A rural recruitment specialist says the farming sector should be identifying and celebrating good employers, not naming and shaming the bad ones.
This week Council of Trade Union president, Helen Kelly, has been tweeting links to farm ads which she says are for jobs paying below the minimum wage - and sometimes even below $13 an hour.
John Fegan has been a rural recruitment and HR specialist in the Waikato region for more than 20 years and while he agrees there are bad employers out there, he does not agree with what Helen Kelly is doing.
Mr Fegan believes a system which highlights farmers who have good employment standards is the best way to go about bringing change.
"We certainly introduced it as a company, and in 2007 we tried to introduce a thing called Quality Farm Employers of New Zealand, so rather than ping the bad guys, what we did try to do was promote the people that were doing more than the minimum and doing it really, really, well.
"Unfortunately we couldn't get enough legs and the industry at that stage wasn't in a place that they wanted to buy into it, but in my opinion what we should be doing is celebrating the good people and dragging up the minimum standards, rather than having to do it with a stick," said Mr Fegan.
"We've got two choices haven't we? We either do it with a stick and force them by some kind of license or we promote the good guys, so the good employees flock or trend towards the good employers, and how do they know that? Well there's some system of accreditation to say these guys are better than the average, therefore go and work with them."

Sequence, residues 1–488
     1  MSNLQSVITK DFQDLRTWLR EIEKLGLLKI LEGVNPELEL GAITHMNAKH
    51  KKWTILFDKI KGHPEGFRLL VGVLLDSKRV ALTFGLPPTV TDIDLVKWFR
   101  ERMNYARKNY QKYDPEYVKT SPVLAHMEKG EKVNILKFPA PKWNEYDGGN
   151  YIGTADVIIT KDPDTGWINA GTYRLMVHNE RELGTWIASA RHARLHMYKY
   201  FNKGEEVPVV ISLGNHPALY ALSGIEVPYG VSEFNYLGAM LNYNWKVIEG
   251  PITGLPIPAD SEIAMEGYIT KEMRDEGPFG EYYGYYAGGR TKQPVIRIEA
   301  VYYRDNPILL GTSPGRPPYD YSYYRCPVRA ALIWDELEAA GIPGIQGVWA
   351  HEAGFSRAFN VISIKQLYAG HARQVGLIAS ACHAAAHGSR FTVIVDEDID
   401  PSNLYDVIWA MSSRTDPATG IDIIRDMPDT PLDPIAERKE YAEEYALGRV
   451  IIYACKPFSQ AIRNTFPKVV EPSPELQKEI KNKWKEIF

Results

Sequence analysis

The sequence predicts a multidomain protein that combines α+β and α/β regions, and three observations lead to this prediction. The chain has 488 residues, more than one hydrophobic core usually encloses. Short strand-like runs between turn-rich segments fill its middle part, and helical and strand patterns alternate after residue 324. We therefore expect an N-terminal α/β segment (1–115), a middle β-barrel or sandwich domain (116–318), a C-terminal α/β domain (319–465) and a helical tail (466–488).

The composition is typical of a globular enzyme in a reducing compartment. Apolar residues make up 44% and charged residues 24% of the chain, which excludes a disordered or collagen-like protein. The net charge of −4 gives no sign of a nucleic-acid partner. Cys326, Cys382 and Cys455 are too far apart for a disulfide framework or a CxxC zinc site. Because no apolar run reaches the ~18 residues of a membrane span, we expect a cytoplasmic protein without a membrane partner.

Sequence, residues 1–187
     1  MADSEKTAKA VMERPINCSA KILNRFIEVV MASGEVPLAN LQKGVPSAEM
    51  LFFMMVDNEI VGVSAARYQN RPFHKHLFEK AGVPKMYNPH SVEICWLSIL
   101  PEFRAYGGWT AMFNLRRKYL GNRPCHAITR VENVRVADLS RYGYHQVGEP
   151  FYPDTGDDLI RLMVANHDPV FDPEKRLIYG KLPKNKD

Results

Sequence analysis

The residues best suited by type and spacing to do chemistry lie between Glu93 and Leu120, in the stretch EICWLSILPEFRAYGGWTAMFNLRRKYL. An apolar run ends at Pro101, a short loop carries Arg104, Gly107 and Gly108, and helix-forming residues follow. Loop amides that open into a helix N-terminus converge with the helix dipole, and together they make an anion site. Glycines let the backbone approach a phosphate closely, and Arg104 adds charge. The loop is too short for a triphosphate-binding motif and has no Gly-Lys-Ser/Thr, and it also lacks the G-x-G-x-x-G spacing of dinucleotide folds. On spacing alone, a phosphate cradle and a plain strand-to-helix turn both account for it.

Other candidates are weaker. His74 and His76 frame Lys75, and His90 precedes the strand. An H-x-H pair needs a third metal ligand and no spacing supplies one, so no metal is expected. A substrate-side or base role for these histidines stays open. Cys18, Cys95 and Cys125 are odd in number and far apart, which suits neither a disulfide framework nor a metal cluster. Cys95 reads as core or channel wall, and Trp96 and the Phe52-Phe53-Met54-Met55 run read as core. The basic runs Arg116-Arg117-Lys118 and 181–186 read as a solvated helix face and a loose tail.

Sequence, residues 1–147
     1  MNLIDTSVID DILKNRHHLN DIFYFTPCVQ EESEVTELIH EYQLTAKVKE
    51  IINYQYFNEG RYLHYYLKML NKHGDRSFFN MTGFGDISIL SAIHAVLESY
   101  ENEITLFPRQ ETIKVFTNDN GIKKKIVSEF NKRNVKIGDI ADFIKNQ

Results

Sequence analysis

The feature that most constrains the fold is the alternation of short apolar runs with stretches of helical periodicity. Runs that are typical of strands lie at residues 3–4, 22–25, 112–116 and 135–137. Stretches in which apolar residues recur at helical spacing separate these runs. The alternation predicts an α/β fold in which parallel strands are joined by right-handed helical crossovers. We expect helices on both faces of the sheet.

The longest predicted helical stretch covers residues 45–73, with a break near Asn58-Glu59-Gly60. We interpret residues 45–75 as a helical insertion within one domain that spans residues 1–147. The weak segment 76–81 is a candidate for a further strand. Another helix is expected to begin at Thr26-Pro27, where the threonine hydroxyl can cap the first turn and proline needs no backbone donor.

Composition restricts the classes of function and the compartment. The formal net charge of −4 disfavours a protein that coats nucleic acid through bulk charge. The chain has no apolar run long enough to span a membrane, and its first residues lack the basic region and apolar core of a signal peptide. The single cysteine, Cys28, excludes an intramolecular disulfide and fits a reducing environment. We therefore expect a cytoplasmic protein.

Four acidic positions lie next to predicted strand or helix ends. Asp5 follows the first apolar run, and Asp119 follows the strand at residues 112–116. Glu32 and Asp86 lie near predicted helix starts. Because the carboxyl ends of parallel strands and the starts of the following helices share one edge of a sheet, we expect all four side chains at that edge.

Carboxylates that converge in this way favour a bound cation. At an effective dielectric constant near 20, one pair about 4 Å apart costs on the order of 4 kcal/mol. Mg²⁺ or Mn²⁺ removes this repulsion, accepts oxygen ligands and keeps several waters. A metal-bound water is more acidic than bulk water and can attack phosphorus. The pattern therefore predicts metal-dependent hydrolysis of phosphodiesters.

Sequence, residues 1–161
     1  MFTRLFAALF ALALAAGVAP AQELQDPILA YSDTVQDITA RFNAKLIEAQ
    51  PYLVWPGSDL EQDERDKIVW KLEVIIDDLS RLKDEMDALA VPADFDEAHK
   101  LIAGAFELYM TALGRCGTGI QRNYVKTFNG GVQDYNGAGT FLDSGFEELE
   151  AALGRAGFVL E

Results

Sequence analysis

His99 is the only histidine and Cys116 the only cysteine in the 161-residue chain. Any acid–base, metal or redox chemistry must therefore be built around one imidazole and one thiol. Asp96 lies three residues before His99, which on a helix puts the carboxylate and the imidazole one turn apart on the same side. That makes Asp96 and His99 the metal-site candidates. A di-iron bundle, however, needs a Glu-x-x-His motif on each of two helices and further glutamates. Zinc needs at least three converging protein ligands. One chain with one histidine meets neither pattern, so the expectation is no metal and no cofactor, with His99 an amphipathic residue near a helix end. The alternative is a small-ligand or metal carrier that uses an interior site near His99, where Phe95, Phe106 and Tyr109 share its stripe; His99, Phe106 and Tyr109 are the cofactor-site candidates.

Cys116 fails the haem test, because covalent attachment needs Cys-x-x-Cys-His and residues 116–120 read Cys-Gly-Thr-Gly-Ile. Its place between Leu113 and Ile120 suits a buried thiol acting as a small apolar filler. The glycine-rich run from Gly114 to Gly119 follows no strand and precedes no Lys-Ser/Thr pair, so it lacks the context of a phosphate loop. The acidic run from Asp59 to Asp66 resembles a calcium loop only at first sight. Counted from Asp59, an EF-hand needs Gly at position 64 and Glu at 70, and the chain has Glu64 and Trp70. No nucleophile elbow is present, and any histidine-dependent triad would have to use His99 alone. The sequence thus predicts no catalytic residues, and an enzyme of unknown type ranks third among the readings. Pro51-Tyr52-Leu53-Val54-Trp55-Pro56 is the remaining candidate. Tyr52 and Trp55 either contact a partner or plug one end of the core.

Mr Fegan said farming salaries were often complex, as they could include accommodation, and he said workloads on farms varied with the seasons.
At the same time Mr Fegan said some farmers had never received employment training.
"One of the things I tend to say to people is that in our industry, we become a good farmer and because we're a good farmer, we grow, and as you grow bigger you have the staff requirement. What tends to happen is that you have a go at the staff management and then when you fail you go and get some training.
"Even when farmers are learning to farm they tend to go through the AgITO or through universities at the start of their farming career, they don't go farming, stuff it up and then go and do some training in behind it. I think farmers have tended to do staff training in the wrong order and that's probably meant that there's been more failures than there needs to be," he said.
"If they did the staff training at the start, before they employed too many people, then they'd be in a better place."
Mr Fegan said when farmers did expand, especially from one or two staff to three and more, they should seek training because it was a very different type of management.